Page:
Another aspect of human flowing is nutrition, in that what we put into our mouth becomes us physically. And in terms of nutrition: garbage in, garbage out. Many diseases that are the leading cause of death have a correlation with diet, including heart disease, cancer, stroke, and diabetes. It is sometimes said that we dig our graves with our teeth.

We often think of food as fuel, but food is really just an intermediary. The energy in food is really captured solar energy. It’s sunlight that has been captured by plants through the photosynthesis process. So, if that’s what we are after, it might make sense to eat as close to the sun as possible. This would mean making fruits and vegetables the foundation of our diet. A colorful mix of raw whole fruits and vegetables can help ensure you get a rich source of phytonutrients, vitamins and antioxidants. Feed your flowing and learn more about healthy eating from the Harvard School of Public Health:


Exercise is example of how understanding that we are not an object can be enlightening. A car is a thing, not a living organism. And when you use a thing, it wears out. After you drive your car enough miles, it will eventually fail and be sent to the scrap yard.

Many people think of their body as a thing and imagine it wearing out as they get older. But your body is not a thing. It’s a process. New elements are constantly flowing in and they can be used to rebuild and strengthen your body in response to how you use it. Instead of wearing down the body, exercise invigorates and strengthens it.

The keys to strengthening your human flowing through exercise are aerobic capacity, muscular strength, and flexibility. An effective way to pursue those goals is by practicing yoga asana. More vigorous yoga styles will allow you to simultaneously build your flexibility, strength, and aerobic capacity. While nothing substitutes for a skilled teacher, you can begin your practice with an online classes, like these:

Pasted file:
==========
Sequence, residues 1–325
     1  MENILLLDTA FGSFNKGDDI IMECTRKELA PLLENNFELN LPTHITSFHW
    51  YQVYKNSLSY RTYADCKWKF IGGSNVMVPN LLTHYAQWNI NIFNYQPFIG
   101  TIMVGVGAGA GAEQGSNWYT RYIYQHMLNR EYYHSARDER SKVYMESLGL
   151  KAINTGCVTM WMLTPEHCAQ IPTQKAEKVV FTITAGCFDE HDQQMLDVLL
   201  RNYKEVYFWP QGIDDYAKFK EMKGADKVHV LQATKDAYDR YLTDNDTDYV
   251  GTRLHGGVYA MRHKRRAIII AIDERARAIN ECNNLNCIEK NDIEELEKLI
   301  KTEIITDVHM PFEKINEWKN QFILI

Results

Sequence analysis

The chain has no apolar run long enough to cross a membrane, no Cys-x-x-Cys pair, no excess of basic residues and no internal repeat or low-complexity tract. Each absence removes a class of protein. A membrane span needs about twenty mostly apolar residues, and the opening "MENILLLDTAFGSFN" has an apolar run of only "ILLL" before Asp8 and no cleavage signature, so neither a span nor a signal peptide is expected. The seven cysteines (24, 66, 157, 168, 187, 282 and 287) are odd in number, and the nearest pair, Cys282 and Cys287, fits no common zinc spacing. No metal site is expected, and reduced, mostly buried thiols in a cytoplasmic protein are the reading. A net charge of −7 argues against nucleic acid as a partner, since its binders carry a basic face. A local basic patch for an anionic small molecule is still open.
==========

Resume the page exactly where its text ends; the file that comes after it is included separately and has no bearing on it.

At the end of each day, you can rest. Sleep is vital to the physiological cycles of use and renewal. By allowing your body to rest, sleep supports your heart’s health and helps reduce your body’s stress and inflammation. On the other hand, lack of sleep increases your risk of infection and obesity. A good night’s sleep is itself a type of flowing, going though four or five sleep cycles. The average adult needs seven to eight hours to pass through five sleep cycles, while teenagers need more like nine hours for the same. You can learn more about the flow of your nocturnal cycles from the National Institutes of Health here:

Write one of these Thriving Together Series features! We’re looking for contributions on all topics related to well-being. Read other Thriving Together Series articles here and contact us at for guidelines. Thank you for helping our Mason community thrive together online!